For many of the tenants of the Lazy Daze Mobile Home Community in Phoenix, Ariz., organizing has not been a choice — it has been a necessity.
Outdated electrical equipment resulting in multiple fires, irregular and inexplicable fines, harassment and negligence from the management company, and a crackdown on formal opposition have many residents feeling that their homes and lives are in jeopardy. Now, they are starting to organize and speak out.
“When you go to sleep, you never know if you’re going to get up the next morning,” one resident said at a press conference the community held on Feb. 14. “Our lives could be in danger.”
Until recently, the West Valley mobile home community was actually a source of a much-needed commodity in the Phoenix area: affordable housing. Veronica Monge, a co-chair of the Arizona Poor People’s Campaign, described Lazy Daze as the “last bastion” of affordable housing in an area that has seen an uptick in inequality since the onset of the COVID-19 pandemic. In December, Arizona reported that it had recovered the number of jobs lost since the onset of the pandemic, but the on-the-ground reality is still grim as the working class continues to face economic woes, especially when it comes to housing. In 2021, between January and October alone, the median sale price for a home in Phoenix rose 24.4%. Likewise, rent rates this February were 23% higher than they were in February 2021, with the median rate for a one-bedroom being $1,300.
All of this made the $600 to $800 monthly rates of the Lazy Daze Mobile Home Community a bearable option under the circumstances. But now, the endangerment and mistreatment of the community by its management are increasingly harming the livelihoods of the park’s residents.
Residents told the media and organizers that the situation started to come to a head when management shut down the on-site laundromat. Without access to the facility, members of the community began installing their own washers and dryers, only to find that the park’s inadequate electrical system was not able to handle the load. Appliances only worked one at a time, and residents noticed that flickering lights and electrical fires were worryingly becoming regular occurrences.
Meanwhile, attempts to get management to solve this issue have only resulted in further harassment of the community. When residents began having meetings to discuss forming a tenants’ union, those who attended were hit with inexplicable fines. According to a report put together by the Arizona Poor People’s Campaign, 100 of the park’s residents reported “excessive and apparently unjustified charges,” for which they were given no explanation and no time to correct the “violation.”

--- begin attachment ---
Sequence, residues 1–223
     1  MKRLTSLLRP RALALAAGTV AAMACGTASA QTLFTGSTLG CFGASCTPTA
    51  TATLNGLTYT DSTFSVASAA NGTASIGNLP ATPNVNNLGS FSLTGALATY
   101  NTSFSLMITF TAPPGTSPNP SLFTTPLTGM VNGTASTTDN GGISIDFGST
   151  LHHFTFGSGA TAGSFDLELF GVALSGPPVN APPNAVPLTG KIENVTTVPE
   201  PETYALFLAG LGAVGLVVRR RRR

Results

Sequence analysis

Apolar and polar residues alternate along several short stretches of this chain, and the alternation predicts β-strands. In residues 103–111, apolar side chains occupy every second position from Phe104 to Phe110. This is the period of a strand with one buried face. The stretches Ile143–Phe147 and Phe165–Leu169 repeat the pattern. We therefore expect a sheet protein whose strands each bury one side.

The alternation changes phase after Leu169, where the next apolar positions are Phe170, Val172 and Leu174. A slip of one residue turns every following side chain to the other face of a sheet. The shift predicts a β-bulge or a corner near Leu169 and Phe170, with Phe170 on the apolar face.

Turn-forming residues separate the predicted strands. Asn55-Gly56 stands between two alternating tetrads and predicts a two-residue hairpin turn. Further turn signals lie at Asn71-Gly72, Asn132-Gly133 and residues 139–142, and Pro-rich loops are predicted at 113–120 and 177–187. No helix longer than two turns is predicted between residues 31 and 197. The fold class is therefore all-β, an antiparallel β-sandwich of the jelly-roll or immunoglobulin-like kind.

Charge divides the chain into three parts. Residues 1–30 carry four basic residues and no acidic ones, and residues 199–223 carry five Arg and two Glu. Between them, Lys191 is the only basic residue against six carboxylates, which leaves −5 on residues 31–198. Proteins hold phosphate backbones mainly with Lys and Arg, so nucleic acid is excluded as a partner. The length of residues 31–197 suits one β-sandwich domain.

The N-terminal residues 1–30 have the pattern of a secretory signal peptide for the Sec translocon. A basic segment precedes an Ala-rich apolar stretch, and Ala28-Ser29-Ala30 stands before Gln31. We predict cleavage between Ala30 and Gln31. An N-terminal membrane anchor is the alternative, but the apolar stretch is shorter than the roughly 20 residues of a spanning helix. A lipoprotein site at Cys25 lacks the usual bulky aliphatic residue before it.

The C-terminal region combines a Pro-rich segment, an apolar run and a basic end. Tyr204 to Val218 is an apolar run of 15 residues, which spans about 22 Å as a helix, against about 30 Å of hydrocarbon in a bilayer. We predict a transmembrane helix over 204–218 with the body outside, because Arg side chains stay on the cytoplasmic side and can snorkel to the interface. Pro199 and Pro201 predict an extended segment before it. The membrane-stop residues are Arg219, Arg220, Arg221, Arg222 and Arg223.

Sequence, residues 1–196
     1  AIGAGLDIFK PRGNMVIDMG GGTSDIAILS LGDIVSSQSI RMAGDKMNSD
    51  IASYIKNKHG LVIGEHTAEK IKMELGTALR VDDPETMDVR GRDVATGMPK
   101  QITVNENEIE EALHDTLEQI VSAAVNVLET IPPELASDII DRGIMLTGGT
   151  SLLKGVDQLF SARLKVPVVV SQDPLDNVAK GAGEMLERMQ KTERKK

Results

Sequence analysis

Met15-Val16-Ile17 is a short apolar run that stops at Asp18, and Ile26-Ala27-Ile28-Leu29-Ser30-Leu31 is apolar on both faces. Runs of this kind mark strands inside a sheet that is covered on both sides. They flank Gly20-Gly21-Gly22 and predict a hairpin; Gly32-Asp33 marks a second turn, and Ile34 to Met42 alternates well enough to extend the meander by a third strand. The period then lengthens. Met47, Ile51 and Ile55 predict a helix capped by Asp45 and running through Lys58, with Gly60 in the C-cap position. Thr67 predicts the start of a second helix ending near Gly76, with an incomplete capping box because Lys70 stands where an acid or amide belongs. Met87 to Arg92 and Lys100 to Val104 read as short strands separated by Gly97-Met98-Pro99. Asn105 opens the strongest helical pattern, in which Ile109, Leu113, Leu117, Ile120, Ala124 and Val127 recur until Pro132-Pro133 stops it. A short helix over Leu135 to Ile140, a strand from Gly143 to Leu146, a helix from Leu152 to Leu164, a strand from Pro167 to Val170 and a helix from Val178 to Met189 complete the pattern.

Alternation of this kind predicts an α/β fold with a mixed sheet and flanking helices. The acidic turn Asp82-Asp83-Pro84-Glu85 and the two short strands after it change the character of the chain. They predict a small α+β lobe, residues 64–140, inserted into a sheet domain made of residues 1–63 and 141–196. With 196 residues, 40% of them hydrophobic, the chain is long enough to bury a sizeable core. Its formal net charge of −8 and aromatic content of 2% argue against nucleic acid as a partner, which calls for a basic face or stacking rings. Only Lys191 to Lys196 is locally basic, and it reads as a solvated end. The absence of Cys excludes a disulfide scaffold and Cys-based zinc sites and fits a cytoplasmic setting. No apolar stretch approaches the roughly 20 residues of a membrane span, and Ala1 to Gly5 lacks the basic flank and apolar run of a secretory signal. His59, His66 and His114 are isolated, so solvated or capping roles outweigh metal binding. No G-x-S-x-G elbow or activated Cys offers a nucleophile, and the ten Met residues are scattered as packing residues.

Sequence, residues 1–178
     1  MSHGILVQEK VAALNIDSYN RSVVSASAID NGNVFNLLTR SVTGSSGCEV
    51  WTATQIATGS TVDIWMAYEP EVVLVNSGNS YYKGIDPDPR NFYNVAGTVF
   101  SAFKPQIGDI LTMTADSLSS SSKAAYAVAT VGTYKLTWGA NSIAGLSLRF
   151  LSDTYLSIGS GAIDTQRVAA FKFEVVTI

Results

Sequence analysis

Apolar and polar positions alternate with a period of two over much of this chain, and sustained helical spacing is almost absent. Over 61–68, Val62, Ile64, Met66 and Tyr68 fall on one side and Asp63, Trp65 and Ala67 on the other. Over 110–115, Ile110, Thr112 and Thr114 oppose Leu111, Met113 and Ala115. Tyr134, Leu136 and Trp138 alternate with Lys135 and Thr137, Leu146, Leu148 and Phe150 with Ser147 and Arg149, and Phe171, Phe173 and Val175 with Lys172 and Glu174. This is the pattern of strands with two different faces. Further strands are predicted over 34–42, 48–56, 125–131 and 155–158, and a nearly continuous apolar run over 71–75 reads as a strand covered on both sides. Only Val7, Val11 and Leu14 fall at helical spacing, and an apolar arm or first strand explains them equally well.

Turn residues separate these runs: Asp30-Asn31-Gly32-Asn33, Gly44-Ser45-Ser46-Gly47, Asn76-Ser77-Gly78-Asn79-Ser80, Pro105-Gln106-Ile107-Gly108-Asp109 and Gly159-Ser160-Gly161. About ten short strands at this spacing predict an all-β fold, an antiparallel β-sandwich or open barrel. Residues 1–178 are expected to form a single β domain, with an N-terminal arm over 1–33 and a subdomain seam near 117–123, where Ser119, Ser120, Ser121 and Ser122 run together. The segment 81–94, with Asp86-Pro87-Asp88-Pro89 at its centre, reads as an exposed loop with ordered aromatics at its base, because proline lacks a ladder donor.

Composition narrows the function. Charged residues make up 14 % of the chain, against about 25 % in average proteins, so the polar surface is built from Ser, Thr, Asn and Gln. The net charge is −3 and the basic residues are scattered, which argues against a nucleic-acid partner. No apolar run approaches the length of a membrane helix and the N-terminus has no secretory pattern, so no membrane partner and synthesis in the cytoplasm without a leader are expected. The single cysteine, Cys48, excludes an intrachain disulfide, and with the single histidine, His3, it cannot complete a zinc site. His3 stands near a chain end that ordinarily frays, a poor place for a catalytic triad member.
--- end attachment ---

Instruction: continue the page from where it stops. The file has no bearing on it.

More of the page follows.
As it stands now, the on-site electrical boxes — which have not been replaced since the 1970s — can only serve up to 50 amps, whereas most modern mobile home parks are equipped to serve up to 100 to 200 amps. According to the AZ Mirror, one resident reported that a technician for the Salt River Project, an Arizona-based public utility company, found that the poles delivering electricity were inadequate and out of date. SRP offered to replace the equipment for free if management would pay to replace the poles, but management declined.
One resident reported being charged with a “pet violation” fee for a pet that had been deceased for months. Another resident was hit with a fee for a vehicle that had been repossessed months prior. Attempting to get these fees removed was a multi-month process, only made more frustrating by the fact that Lazy Daze’s management is notoriously hard to reach. Phone numbers lead to dead-end voicemail boxes and emails are frequently unanswered.
The prevalence of these unjustified fees — which appear to be targeted towards proactive members of the community — presents a real danger. Depending on the “violation,” the charges can range between $25 and $250, which can add up to anywhere between 3 percent and 41 percent of monthly rent. Even worse, some of the fees are being used as the basis for eviction notices.
As a result, residents are wary of being too vocal about their dissent. According to Veronica Monge, most do not want to speak with the media nor be seen protesting out of fear that they will be targeted. Several tenants have reported that management has contacted and questioned them as to whether they have participated in organizing.